These are excerpts from the IMVU PDF presentation of their architecture which can be viewed or downloaded here.
IMVU is an online destination where adults and teens meet new people in 3D. IMVU won the 2008 Virtual Worlds Innovation Award and was also named a Rising Star in the 2008 Silicon Valley Technology Fast 50 program.
The most important aspect of a scalable web architecture is data partitioning. Most components in a modern data center are completely stateless, meaning they just do batches of work that is handed to them, but don't store any data long-term. This is true of most web application servers, caches like memcached, and all of the network infrastructure that connects them. Data storage is becoming a specialized function, delegated most often to relational databases. This makes sense, because stateless servers are easiest to scale - you just keep adding more. Since they don't store anything, failures are easy to handle too - just take it out of rotation.
Stateful servers require more careful attention. If you are storing all of your data in a relational database, and the load on that database exceeds its capacity, there is no automatic solution that allows you to simply add more hardware and scale up. (One day, there will be, but that's for another post). In the meantime, most websites are building their own scalable clusters using sharding.
Read more on LessonLearned blog.
In this article Jeff Atwood (a rockstar programmer and one of StackOverflow website founders) discusses the measures of how you can reduce you bandwidth usage and refers specifically on high trafficked websites for which bandwidth is more costly than for an average website.
This is his experience and you can read more on his post on CodingHorror.com.
Update: New Gearman Server & Library in C, MySQL UDFs. Gearman is an open source message queuing system that makes it easy to do distributed job processing using multiple languages. With Gearman you: farm out work to other machines, dispatching function calls to machines that are better suited to do work, to do work in parallel, to load balance lots of function calls, to call functions between languages, spread CPU usage around your network. Gearman is used by companies like LiveJournal, Yahoo!, and Digg. Digg, for example, runs 300,000 jobs a day through Gearman without any issues. Most large sites use something similar. Why would anyone ever even need a message queuing system? Message queuing is a handy way to move work off your web servers (like image manipulation), to generate thousands of documents in the background, to run the multiple requests in parallel needed to build a web page, or to perform tasks that can comfortably be run in the background and not part of the main request loop for servicing a web request. There's a gearmand server and clients written in Perl, Ruby, Python or C. Use at least two gearmand server daemons for higher availability. The tasks each client can perform are registered with gearman distributes requests for those functions to the client that can implement them. Gearman uses a very robust, if somewhat higher latency, signal-and-pull architecture.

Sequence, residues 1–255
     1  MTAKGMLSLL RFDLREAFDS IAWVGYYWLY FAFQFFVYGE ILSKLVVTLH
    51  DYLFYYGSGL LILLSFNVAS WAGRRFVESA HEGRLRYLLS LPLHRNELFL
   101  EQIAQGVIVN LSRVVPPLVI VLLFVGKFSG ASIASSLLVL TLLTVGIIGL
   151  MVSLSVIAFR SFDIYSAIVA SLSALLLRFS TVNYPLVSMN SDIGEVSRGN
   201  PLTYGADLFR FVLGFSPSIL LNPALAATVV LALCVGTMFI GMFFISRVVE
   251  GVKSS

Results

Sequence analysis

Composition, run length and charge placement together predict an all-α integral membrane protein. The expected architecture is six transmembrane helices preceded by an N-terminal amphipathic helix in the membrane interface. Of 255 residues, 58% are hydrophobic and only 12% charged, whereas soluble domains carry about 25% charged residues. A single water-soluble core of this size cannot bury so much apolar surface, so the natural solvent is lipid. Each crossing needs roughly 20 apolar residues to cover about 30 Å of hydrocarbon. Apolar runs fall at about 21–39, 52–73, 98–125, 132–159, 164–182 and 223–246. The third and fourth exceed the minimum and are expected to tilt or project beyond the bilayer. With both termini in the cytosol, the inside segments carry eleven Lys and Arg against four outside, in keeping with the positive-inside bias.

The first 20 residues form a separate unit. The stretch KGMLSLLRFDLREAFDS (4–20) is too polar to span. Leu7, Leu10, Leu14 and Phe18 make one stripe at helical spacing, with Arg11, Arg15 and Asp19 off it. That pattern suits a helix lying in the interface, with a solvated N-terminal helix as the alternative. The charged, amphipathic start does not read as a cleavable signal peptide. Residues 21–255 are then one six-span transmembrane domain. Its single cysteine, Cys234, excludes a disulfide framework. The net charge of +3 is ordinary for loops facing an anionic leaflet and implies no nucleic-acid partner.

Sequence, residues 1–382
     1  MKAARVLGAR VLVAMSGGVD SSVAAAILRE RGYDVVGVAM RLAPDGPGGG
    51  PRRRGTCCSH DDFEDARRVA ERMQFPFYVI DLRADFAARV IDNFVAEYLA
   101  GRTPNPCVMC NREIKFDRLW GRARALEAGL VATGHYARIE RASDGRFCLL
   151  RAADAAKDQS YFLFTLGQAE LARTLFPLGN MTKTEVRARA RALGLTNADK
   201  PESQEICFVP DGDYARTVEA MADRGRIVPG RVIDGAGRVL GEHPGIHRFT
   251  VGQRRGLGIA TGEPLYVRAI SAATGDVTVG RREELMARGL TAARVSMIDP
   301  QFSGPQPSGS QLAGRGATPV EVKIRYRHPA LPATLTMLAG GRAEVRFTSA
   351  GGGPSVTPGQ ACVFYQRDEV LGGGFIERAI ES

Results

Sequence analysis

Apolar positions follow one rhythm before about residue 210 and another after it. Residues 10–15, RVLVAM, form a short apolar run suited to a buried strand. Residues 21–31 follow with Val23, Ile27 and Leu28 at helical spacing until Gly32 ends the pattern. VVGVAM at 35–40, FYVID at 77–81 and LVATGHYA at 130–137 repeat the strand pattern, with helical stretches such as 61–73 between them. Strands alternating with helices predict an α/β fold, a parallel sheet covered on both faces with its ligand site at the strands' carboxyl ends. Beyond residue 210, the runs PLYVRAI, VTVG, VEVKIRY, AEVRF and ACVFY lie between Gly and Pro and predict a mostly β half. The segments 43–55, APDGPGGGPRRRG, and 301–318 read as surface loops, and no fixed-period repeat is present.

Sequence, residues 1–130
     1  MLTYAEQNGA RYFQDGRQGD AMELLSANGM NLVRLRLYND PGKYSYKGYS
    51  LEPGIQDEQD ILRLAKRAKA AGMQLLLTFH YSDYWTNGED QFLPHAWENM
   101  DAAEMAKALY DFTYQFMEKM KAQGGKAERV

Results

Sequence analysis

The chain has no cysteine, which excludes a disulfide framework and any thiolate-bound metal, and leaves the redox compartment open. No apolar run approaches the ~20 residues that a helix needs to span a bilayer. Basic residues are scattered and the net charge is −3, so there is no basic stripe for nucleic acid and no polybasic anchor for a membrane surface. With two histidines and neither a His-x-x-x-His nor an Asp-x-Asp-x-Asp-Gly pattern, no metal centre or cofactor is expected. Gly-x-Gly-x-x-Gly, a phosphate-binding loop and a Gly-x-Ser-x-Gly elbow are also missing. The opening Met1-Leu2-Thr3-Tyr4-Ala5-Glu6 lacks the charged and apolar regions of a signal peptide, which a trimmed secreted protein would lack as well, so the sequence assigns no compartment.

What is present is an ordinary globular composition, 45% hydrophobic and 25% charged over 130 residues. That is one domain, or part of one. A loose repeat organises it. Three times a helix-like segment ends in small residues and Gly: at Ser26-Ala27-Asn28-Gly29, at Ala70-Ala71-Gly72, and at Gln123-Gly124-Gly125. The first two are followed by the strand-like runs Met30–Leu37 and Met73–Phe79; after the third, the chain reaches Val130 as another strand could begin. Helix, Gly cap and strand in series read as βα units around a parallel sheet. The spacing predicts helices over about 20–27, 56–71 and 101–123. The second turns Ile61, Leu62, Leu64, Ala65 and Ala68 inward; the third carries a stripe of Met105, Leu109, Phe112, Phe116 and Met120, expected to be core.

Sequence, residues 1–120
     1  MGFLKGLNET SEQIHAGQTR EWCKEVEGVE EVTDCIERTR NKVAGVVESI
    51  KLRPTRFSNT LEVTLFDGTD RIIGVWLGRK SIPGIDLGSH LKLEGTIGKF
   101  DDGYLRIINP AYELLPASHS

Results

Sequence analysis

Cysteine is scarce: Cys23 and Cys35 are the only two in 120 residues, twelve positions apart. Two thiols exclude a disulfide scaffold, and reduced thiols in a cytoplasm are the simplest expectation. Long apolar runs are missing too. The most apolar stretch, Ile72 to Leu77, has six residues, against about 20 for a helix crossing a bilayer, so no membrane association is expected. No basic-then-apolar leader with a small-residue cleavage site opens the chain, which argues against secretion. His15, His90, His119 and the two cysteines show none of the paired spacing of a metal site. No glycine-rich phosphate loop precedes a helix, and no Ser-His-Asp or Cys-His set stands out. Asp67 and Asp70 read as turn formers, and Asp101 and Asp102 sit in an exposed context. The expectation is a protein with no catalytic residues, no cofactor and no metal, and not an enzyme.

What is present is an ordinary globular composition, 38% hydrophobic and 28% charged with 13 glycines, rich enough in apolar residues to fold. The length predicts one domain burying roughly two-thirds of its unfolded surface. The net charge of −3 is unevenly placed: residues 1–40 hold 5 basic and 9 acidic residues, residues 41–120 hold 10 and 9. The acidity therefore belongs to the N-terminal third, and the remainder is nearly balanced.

This presentation illustrates how one can scale EXISTING JEE application and deploy it on Amazon cloud using GigaSpaces as the scale-out application server while: * Not having to re-write your application * Preventing lock-in to specific cloud provider * Enabling seamless portability between your local environment to cloud environment o No code or configuration change is required between the two environments o Develop local - test on the cloud o Built for iterative development
Here's a short list of some great resources that I've found very inspirational and thought provoking. I've broken these resources up into two lists: Blogs and Presentations.
The upshot of the paper is Oracle rules and MySQL sucks for sharding. Which is technically probable, if you don't throw in minor points like cost and ease of use. The points where they think Oracle wins: online schema changes, more robust replication, higher availability, better corruption handling, better use of large RAM and multiple cores, better and better tested partitioning features, better monitoring, and better gas mileage.